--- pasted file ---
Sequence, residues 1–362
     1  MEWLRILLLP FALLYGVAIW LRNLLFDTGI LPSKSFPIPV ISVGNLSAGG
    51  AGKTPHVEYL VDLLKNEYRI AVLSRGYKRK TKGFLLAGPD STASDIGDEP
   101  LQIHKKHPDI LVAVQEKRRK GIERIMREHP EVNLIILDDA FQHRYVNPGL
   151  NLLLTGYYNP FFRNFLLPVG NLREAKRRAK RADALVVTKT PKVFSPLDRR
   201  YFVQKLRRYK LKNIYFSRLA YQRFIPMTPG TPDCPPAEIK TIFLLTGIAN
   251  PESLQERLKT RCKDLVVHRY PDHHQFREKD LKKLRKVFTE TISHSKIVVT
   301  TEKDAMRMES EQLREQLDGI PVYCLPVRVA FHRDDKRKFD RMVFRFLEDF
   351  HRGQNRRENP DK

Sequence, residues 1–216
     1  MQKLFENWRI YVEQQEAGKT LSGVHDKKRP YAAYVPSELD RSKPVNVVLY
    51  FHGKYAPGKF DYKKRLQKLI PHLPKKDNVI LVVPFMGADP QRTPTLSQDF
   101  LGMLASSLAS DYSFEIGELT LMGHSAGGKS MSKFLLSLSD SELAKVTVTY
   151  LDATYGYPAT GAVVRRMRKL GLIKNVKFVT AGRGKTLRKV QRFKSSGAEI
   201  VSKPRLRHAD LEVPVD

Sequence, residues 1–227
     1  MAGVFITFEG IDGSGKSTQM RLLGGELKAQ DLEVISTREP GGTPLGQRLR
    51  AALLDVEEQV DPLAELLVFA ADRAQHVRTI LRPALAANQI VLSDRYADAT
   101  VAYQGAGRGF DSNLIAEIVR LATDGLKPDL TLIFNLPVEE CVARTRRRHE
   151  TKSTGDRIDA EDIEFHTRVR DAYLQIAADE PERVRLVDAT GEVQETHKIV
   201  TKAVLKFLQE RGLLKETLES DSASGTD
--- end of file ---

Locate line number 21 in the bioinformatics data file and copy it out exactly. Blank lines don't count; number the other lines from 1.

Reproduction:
   201  TKAVLKFLQE RGLLKETLES DSASGTD